float x = 567.89;
cout << "x == \"" << toString(x) << "\"\n";
complex<float> c(1.0, 2.0);
cout << "c == \"" << toString(c) << "\"\n";
cout << endl;

i = fromString<int>(string("1234"));
cout << "i == " << i << endl;
x = fromString<float>(string("567.89"));
cout << "x == " << x << endl;
c = fromString< complex<float> >(string("(1.0,2.0)"));
cout << "c == " << c << endl;
} ///:~

The output is what you'd expect:
i == "1234"
x == "567.89"
c == "(1,2)"

i == 1234
x == 567.89
c == (1,2)

Type induction in function templates

As a simple but very useful example, consider the following:

// discover the size of an array
#ifndef ARRAYSIZE_H
#define ARRAYSIZE_H

template<typename T, int size>
int asz(T (&)[size]) { return size; }

#endif // ARRAYSIZE_H ///:~

This actually figures out the size of an array as a compile-time constant value, without using any sizeof( ) operations! Thus you can have a much more succinct way to calculate the size of an array at compile time:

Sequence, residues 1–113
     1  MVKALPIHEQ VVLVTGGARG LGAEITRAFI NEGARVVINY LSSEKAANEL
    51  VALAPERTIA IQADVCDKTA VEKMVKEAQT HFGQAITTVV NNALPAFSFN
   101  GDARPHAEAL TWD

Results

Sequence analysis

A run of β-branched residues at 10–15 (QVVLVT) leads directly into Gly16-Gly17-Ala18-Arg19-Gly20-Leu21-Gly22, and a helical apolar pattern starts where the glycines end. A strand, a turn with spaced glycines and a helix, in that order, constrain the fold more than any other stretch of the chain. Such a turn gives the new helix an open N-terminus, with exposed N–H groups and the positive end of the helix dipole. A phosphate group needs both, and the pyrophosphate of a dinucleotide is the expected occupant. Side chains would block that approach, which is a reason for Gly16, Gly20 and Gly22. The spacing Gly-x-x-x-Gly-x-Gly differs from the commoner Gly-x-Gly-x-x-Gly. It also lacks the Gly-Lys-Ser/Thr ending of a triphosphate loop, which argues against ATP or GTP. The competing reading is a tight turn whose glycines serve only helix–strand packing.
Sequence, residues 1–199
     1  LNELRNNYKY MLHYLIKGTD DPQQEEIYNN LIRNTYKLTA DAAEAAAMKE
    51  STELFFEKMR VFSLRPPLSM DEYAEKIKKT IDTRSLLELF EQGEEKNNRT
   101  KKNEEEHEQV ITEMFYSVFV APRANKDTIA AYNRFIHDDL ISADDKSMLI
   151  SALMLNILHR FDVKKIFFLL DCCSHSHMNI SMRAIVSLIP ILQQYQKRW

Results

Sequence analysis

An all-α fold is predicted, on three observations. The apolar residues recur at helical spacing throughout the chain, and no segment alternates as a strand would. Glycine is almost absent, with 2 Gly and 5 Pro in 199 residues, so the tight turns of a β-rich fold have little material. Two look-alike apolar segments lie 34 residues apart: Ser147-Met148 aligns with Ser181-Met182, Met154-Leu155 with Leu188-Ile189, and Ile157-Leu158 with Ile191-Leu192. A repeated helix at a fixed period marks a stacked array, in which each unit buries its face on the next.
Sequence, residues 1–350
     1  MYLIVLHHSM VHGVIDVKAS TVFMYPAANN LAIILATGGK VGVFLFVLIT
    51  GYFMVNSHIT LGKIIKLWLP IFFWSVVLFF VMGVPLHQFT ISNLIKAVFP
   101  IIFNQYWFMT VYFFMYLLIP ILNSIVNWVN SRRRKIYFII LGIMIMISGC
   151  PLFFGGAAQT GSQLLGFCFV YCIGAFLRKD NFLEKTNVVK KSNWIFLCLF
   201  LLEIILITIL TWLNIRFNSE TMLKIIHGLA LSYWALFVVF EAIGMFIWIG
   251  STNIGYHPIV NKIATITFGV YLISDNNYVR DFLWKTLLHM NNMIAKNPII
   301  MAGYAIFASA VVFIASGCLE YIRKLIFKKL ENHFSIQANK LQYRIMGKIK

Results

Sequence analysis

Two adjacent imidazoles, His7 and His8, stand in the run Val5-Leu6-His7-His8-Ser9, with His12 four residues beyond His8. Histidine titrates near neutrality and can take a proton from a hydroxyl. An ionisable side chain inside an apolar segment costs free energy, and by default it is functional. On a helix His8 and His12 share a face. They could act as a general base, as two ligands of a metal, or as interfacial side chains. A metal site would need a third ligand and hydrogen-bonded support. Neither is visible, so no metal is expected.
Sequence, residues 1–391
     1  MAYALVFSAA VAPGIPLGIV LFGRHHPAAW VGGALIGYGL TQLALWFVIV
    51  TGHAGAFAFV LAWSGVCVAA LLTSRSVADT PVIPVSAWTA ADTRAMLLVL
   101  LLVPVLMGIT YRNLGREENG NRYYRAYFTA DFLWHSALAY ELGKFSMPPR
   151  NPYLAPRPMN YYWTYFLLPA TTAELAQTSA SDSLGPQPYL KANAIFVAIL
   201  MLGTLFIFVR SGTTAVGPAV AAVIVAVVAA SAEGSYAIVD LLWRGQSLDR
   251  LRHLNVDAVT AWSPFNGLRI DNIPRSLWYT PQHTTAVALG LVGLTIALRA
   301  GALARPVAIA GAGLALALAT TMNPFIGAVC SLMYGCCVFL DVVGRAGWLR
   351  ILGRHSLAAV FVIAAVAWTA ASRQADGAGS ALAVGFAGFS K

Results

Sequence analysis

//{-msc}
//{-bor}
// The return value of the template function
// asz() is a compile-time constant
#include "../arraySize.h"

int main() {
int a[12], b[20];
const int sz1 = asz(a);
const int sz2 = asz(b);
int c[sz1], d[sz2];
} ///:~

Of course, just making a variable of a built-in type a const does not guarantee it’s actually a compile-time constant, but if it’s used to define the size of an array (as it is in the last line of main( )), then it must be a compile-time constant.

Taking the address of a generated function template
There are a number of situations where you need to take the address of a function. For example, you may have a function that takes an argument of a pointer to another function. Of course it’s possible that this other function might be generated from a template function so you need some way to take that kind of address :

// Taking the address of a function generated
// from a template.
//{L} ../TestSuite/Test

template <typename T> void f(T*) {}

void h(void (*pf)(int*)) {}

template <class T>
void g(void (*pf)(T*)) {}

int main() {
// Full type exposition:
h(&f<int>);